The Constitution Bench of the Supreme Court will hear the following matters from January 28th, 2020.
Bhopal Gas Tragedy -Curative Petition
UNION OF INDIA M/S. UNION CARBIDE CORPN
This pertains to a curative petition filed by the Centre in 2011 for additional compensation for Bhopal gas tragedy victims from US-based Union Carbide Company( which is now owned by Dow Chemicals).
The petition filed in December 2010 seeks additional compensation of Rs.7413 crores, seeking re-examination of the apex court's February 14, 1989 judgement by which the compensation was fixed at US$ 470 million (Rs 750 crore) and subsequent orders of February 15 and May 4 determining the mode of payment and settlement. According to Central Government, the earlier settlement was based on incorrect assumptions on the number of deaths, injuries and losses, and has not taken into account the subsequent environmental degradation. The settlement was based on the earlier figure of 3,000 deaths and 70,000 injury cases; the curative petition has put the death numbers at 5,295 and injury figure at 527,894. has sought.
Consumer Cases: Commencing Point of Limitation Of 30 Days To File Version By Opposite Party?
NEW INDIA ASSURANCE CO. LTD v. HILLI MULTIPURPOSE COLD STORAGE PVT LTD
In these cases, the issue referred is: What is the commencing point of the limitation of 30 days stipulated in Section 13 of the Consumer Protection Act. ?The referring bench opined that the declaration made in JJ Merchant's case that the period of 30 days is to be reckoned from the date of the receipt of the notice of the admission of the complaint by the ADJUDICATORY BODY has no basis in the text of the Act. According to the bench, the insistence upon the filing of the statement within 30 days from the receipt of such notice may not serve any useful purpose when there is no prospect of the matter being taken up by the ADJUDICATORY BODY immediately on filing of the written statement
Whether State Can Legislate On Manner And Method Of Making Admissions To PG Medical Courses?
TAMIL NADU MEDICAL OFFICERS ASSOCIATION vs. UNION OF INDIA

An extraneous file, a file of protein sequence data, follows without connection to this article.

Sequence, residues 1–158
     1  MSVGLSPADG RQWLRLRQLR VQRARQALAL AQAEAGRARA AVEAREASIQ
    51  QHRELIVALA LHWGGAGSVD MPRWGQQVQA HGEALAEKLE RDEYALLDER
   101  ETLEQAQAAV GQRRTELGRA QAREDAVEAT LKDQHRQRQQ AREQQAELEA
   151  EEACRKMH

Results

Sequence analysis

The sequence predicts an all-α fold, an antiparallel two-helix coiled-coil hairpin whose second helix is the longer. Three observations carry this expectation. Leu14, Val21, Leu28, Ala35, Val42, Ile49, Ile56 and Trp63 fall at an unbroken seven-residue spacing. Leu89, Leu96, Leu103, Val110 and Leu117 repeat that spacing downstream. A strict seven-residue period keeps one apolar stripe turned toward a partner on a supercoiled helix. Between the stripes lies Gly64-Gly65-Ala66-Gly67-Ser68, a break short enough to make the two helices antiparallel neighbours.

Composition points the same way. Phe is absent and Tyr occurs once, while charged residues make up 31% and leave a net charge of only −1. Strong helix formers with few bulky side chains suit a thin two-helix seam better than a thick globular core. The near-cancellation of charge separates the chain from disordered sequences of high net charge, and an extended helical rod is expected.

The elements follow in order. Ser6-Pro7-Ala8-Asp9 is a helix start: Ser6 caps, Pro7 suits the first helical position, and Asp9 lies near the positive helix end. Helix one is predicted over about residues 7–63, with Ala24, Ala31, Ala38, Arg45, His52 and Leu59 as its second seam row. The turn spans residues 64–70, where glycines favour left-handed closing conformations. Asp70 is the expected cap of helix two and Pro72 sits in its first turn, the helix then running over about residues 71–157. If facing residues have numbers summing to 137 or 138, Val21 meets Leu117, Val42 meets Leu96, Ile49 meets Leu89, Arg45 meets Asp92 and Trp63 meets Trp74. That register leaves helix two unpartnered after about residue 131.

The three judge bench has doubted the judgment rendered by a Coordinate bench in State of Uttar Pradesh v Dinesh Singh Chauhan. The main issue in this writ petitions was whether a State is denuded of its power to legislate on the manner and method of making admissions to post-graduate medical courses. The referring order observed that Dinesh Singh Chauhan did not consider the entries in the legislative lists of the Seventh Schedule, more particularly Entry 66 of the Union List and Entry 25 of the Concurrent List.
The petitions seek a declaration that Regulation 9 of the Post-Graduate Medical Education Regulations, 2000 (more particularly, Regulation 9(iv) and 9(vii), does not take away the power of the States under Entry 25, List III to provide for a separate source of entry for in-service candidates seeking admission to Degree Course. Alternatively, it prays that, if Regulation 9 of the Post Graduate Medical Regulations, 2000 is understood to not allow for States to provide for a separate source of entry for in-service candidates seeking admission to Degree Courses, declare by issuance of a writ of mandamus or any other suitable writ/order/direction, Regulation 9 (more particularly, Regulations 9(iv) and 9 (vii) as being arbitrary, discriminatory and violative of Article 14 and Article 19(1)(g) of the Constitution and also ultra vires the provisions of the Indian Medical Council Act, 1956. The bench had earlier declined interim relief sought by the petitioners.